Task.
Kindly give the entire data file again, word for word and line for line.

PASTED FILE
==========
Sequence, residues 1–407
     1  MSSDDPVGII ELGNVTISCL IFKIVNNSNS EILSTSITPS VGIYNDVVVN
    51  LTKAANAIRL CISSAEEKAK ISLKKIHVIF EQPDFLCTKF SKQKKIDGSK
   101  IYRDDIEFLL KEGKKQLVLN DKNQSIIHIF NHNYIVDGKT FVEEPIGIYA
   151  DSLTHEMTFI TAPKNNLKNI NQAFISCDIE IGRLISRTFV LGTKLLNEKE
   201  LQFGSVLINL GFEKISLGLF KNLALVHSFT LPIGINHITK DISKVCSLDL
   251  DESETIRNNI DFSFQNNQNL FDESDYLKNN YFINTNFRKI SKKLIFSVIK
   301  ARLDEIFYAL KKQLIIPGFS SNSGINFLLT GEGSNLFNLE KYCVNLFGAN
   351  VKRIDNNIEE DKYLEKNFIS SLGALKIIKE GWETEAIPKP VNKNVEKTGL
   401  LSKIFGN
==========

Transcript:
Sequence, residues 1–407
     1  MSSDDPVGII ELGNVTISCL IFKIVNNSNS EILSTSITPS VGIYNDVVVN
    51  LTKAANAIRL CISSAEEKAK ISLKKIHVIF EQPDFLCTKF SKQKKIDGSK
   101  IYRDDIEFLL KEGKKQLVLN DKNQSIIHIF NHNYIVDGKT FVEEPIGIYA
   151  DSLTHEMTFI TAPKNNLKNI NQAFISCDIE IGRLISRTFV LGTKLLNEKE
   201  LQFGSVLINL GFEKISLGLF KNLALVHSFT LPIGINHITK DISKVCSLDL
   251  DESETIRNNI DFSFQNNQNL FDESDYLKNN YFINTNFRKI SKKLIFSVIK
   301  ARLDEIFYAL KKQLIIPGFS SNSGINFLLT GEGSNLFNLE KYCVNLFGAN
   351  VKRIDNNIEE DKYLEKNFIS SLGALKIIKE GWETEAIPKP VNKNVEKTGL
   401  LSKIFGN